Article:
To install the package I did a chroot to the mounted / directory at /mnt/hda1 like so:

$sudo chroot /mnt/hda1/

changed to the tmp directory and attempted to install the initscripts package. Except it didn't want to work because of some conflicts. Looking at some other packages, it seemed that the system had mostly been upgraded to version 2007.1. So now I had to download the 2007.1 initscripts, use the USB key to transfer another package, and try again. This time it worked with a few warning messages, something about /dev/null being missing.

Looking back on that message it made sense, because almost all newer systems use udev to dynamically populate /dev. What I could have done is a bind mount of the Knoppix /dev over the system /dev like so:

mount --bind /dev /mnt/hda1/dev

which would have made all the devices available even when I was change root(ed?).

So one more try. Boot the system normally and it works! GUI login, user directories and files, a few applications all seem OK. It looks like it it mostly recovered. But I don't know what else might be damaged. It had already been about two hours since I started and it was time to go home.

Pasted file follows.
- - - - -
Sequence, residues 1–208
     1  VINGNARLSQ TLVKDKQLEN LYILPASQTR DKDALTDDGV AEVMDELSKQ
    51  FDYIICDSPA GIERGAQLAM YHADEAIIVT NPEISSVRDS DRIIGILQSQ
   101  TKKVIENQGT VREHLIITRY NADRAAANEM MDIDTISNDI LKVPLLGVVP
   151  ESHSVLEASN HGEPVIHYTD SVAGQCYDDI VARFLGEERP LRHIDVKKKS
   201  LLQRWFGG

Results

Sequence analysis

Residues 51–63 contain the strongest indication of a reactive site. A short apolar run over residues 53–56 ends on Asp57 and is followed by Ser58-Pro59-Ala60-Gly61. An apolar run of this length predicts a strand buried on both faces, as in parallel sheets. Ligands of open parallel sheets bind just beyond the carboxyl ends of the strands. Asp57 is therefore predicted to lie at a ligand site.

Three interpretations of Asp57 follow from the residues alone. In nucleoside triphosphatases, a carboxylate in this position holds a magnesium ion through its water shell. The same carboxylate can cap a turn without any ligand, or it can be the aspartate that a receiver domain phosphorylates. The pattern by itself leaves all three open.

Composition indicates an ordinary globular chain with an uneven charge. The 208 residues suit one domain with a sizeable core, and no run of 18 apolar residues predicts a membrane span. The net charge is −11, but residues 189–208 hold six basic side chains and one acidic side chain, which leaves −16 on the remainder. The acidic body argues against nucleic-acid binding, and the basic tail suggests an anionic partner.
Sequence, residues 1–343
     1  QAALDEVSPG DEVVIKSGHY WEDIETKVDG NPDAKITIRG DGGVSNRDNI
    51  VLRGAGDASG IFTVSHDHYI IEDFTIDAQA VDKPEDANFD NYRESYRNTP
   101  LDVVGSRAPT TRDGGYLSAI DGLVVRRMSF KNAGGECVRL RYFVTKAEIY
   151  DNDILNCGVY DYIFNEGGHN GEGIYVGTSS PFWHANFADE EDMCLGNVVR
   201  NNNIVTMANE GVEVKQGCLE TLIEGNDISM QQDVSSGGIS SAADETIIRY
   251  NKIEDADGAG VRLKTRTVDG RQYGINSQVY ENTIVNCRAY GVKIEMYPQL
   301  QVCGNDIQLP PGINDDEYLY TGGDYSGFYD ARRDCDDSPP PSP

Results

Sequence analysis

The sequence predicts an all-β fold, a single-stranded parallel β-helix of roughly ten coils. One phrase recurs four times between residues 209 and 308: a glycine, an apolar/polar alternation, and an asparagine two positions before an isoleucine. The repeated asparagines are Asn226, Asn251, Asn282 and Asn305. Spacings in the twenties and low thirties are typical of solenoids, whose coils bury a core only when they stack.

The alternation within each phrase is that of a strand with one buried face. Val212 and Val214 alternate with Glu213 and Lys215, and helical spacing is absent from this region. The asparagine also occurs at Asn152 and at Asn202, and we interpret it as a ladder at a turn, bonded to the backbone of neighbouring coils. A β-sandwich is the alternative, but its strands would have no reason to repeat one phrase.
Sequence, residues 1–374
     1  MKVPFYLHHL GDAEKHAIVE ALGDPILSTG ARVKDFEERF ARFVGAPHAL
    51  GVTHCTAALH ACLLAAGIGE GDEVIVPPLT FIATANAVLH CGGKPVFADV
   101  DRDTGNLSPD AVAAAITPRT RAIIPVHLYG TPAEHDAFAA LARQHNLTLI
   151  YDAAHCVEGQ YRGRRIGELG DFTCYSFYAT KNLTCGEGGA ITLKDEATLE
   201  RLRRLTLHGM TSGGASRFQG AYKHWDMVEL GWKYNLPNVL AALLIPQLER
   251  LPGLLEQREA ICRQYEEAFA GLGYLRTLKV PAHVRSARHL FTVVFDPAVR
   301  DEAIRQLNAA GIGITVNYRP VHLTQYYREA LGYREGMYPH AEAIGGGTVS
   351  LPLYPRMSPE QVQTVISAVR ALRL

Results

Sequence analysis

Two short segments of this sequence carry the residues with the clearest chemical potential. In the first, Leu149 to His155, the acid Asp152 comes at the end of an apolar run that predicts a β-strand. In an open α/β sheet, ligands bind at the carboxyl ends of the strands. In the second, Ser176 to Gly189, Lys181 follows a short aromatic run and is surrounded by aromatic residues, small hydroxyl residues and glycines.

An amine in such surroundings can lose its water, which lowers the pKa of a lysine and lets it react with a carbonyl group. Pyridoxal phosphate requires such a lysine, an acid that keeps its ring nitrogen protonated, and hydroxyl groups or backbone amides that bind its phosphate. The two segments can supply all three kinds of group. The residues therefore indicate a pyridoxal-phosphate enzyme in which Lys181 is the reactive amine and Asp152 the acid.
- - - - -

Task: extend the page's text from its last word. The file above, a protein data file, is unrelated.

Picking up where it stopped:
There were also a few other oddities that I didn't figure out. Mandriva uses grub to be the boot manager, but I was unable to locate the grub.conf or menu.lst that grub uses to select kernels. grub was working so it had to be somewhere. I didn't try to investigate too much.

When doing the initial checks I tried to find where urpmi downloaded its packages for updating. I found the cache under /var, except there was only one package in it. It seems that urpmi cleared the cache when it crashed. Also, the fact that a package like initscripts was removed and unable to be recovered indicates the Mandriva does NOT use the transaction capability of rpm. If it does, it doesn't work.